Thursday, February 7, 2008

DiTerlizzi & Black

The Spiderwick Chronicles
by Tony DiTerlizzi & Holly Black
Recommended Age: 9+

I finally tired of waiting for these five slim, gorgeously illustrated books to come out in paperback, so I picked up a boxed set of the hardcovers. I figured it would be a good idea to do my homework before seeing the upcoming movie based on these books.

The first thing I observed about these books is that they aren't really five books, but one book chopped up into five highly attractive, but probably overproduced volumes. I think I would have gone crazy reading them one at a time, because there is really only one story between them, and a real or implied "To Be Continued Sign" is simply not a satisfying ending for a book. I would also be a touch less grouchy if this story didn't take up so many inches of my precious shelf space. Admittedly, the books deserve points for their high-quality, original design. But I'm not too nice to take those points back for the crime of "milking more out of them than they are worth."

Now that I have thoroughly vented my grouchiness, let me add that the pictures are phenomenal, the three Grace children are cool kids, and the world of fairy creatures they discover while living in an old run-down house is full of mystery, magic, danger, and fun.

In the first volume, The Field Guide, Jared Grace, his twin brother Simon (who isn't half as troublesome), and their older sister Mallory are first caught up in this unseen world, beginning with the discovery of a secret room upstairs, a hidden book, and a brownie (not the edible kind). In the second volume, The Seeing Stone, Jared is preoccupied with saving Simon, a wounded griffin, and a relatively friendly hobgoblin from some ravenous goblins and even bigger, nastier things. In Lucinda's Secret (vol. 3), the children visit a supposedly mad great-aunt who also saw fairies when she lived in the same house. The adventure moves underground for The Ironwood Tree (vol. 4), when Mallory is taken captive by dwarves. And the fifth volume, The Wrath of Mulgarath, leads up to a final confrontation with dragons, ogres, and the elves themselves.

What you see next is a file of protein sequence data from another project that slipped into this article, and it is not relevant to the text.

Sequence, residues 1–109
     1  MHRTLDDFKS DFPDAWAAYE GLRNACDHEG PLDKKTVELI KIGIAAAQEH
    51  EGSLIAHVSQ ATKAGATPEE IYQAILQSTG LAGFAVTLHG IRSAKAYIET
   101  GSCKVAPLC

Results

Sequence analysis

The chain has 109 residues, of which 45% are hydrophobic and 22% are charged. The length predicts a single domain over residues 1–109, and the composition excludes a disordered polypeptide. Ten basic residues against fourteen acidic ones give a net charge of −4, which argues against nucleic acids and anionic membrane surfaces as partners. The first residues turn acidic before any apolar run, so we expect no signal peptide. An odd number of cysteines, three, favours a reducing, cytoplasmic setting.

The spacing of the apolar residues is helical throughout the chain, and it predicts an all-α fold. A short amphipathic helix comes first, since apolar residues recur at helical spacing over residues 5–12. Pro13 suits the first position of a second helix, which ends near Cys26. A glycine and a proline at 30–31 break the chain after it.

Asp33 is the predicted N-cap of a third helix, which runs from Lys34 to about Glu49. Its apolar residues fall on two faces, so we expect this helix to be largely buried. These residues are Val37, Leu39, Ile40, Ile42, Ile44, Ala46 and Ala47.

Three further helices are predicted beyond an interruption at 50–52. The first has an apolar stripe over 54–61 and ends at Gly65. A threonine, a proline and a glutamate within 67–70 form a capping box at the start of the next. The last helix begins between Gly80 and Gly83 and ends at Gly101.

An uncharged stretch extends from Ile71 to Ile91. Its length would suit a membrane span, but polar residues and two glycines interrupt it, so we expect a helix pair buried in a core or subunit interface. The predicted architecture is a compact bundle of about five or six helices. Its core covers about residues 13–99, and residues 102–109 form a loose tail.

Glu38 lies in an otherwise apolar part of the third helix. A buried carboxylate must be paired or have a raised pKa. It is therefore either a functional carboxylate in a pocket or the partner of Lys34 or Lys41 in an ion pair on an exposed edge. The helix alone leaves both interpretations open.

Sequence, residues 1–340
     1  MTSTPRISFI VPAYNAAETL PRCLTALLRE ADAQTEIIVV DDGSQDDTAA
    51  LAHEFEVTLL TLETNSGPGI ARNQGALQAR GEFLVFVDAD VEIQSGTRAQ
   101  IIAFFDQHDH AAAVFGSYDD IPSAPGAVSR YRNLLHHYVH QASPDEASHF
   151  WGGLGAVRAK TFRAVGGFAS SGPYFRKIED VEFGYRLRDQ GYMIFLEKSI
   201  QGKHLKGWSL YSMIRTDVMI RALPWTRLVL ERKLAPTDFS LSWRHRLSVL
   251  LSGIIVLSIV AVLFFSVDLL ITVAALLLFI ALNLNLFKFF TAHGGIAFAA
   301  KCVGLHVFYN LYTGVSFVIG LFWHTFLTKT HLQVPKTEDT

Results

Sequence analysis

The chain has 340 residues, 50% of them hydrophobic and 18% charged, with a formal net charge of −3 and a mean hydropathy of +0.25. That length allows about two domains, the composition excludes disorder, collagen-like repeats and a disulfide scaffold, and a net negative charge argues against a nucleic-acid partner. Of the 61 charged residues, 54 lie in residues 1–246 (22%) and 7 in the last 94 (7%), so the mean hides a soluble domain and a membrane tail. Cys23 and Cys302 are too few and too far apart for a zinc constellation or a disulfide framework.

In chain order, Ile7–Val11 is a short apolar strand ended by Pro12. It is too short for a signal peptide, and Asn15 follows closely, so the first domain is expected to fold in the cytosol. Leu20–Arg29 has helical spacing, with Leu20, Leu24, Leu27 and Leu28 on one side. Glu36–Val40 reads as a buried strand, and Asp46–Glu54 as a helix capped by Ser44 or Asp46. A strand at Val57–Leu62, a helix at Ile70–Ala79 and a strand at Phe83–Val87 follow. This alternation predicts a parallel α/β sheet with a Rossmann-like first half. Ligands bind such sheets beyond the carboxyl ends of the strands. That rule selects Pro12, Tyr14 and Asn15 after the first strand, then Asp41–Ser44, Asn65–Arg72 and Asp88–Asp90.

Viewed as one story, The Spiderwick Chronicles is a wonderful achievement. The characters draw you in, the illustrations fire up the mental movie-projector, and the adventure itself has just the right balance of warmth, humor, and moderate scariness to suit young readers. It makes you wonder what purpose is served by making a movie out of it. But that's just my grouchiness talking.

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